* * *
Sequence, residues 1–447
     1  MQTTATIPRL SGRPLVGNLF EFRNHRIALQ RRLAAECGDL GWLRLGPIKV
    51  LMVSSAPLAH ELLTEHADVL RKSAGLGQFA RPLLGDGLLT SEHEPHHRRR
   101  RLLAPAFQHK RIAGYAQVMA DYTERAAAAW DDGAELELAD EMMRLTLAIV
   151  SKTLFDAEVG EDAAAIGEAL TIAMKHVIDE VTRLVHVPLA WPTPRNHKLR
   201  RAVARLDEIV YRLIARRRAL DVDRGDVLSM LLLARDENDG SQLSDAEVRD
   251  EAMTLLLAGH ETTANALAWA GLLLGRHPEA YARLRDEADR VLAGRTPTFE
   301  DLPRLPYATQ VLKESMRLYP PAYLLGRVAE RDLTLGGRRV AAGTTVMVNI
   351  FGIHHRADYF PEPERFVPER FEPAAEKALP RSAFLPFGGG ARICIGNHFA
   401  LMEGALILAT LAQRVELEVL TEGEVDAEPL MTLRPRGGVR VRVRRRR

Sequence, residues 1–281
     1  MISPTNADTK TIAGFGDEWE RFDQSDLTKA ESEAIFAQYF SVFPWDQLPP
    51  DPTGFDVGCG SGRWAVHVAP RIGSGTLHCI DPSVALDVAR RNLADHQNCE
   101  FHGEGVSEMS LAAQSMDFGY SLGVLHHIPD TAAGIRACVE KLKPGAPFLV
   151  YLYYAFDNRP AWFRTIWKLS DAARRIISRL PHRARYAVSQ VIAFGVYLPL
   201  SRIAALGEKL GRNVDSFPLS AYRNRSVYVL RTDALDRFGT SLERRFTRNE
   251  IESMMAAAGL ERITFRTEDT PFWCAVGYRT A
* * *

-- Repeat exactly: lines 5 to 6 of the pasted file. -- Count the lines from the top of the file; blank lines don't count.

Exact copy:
   151  SKTLFDAEVG EDAAAIGEAL TIAMKHVIDE VTRLVHVPLA WPTPRNHKLR
   201  RAVARLDEIV YRLIARRRAL DVDRGDVLSM LLLARDENDG SQLSDAEVRD